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Old 23 May 2017, 07:06 AM   #5
BritTim
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For most people (leaving aside privacy concerns) either G-Suite or FastMail can meet their requirements well. Just considering email in isolation, I think FastMail is a little better, though some of its differentiating features are being withdrawn. Still important for some
  • G-Suite provides no easy way of achieving auto BCC on outgoing messages. It is actually pretty difficult to find a workaround when this is a requirement.
  • For users of Apple Mail and the iOS Mail app, FastMail provides excellent push support.
  • For users of external mail clients, the FastMail IMAP support is completely standards compliant. Google's support is weird, and this can lead to practical issues.
  • FastMail provides near complete sieve support.
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Old 23 May 2017, 07:18 AM   #6
TenFour
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Quote:
FastMail provides near complete sieve support.
Another argument for another thread, but I think sieve filtering is a huge waste of time. Gmails spam and junk filtering are nearly perfect, in my experience, and let everything else flow into your Inbox. Then use Gmail's superior search to find things far faster and more accurately than any folder system you could possibly filter for. I think filtering email into folders makes some people feel good because they crave organization, but in reality it doesn't make you any more productive. In fact, it makes it harder to find things because you can't remember exactly which folder it is in.
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Old 23 May 2017, 07:42 AM   #7
BritTim
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Quote:
Originally Posted by TenFour View Post
Another argument for another thread, but I think sieve filtering is a huge waste of time. Gmails spam and junk filtering are nearly perfect, in my experience, and let everything else flow into your Inbox. Then use Gmail's superior search to find things far faster and more accurately than any folder system you could possibly filter for. I think filtering email into folders makes some people feel good because they crave organization, but in reality it doesn't make you any more productive. In fact, it makes it harder to find things because you can't remember exactly which folder it is in.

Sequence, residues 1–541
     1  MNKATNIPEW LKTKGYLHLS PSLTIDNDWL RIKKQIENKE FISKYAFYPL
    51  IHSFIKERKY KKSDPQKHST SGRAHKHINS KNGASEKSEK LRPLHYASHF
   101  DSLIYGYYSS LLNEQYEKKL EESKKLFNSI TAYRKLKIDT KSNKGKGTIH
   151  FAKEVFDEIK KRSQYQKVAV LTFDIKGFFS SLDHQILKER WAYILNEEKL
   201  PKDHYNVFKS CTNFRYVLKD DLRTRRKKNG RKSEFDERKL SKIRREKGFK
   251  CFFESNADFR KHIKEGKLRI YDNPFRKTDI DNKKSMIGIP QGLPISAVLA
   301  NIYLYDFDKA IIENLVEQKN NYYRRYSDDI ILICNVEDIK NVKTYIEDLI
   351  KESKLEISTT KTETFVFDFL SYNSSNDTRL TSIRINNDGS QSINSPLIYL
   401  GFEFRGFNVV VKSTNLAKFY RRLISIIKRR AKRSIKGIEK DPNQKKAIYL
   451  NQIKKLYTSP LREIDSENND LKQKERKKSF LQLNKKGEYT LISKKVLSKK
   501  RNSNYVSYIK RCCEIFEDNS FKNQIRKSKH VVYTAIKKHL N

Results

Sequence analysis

For most people, what you outline is most often good enough. For business people who wear many different hats, and must keep clear boundaries between their different business interests, FastMail works really well. You use a separate folder hierarchy for each business, and a different default identity for each hierarchy. Part of this support leans heavily on the sieve features.
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Old 23 May 2017, 06:45 PM   #8
Pfolson
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Over the last few years, I've started to think that worrying about Gmail tracking is pointless. You can take every privacy precaution in the world on your end, and use the most privacy-conscious e-mail provider, but if you send an e-mail to somebody using Gmail, you're going to be scanned and tracked anyway. I know in my case, every single person I correspond with regularly is either using vanilla Gmail or using their own domain through Google Apps/G Suite. A large percentage of my semi-regular correspondents do as well, and I assume many of the businesses I deal with are using some type of e-mail system with Google on the back end. So being with FastMail, as much as I love them, isn't really helping me at all in that regard. 99 percent of the e-mails that I write are ending up in Gmail's hands anyway.
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Old 23 May 2017, 08:14 PM   #9
ioneja
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Quote:
Originally Posted by Pfolson View Post
Over the last few years, I've started to think that worrying about Gmail tracking is pointless.
The last several years have tempted me to think the same, but recently, I've changed my mind about this. I think every little bit can help.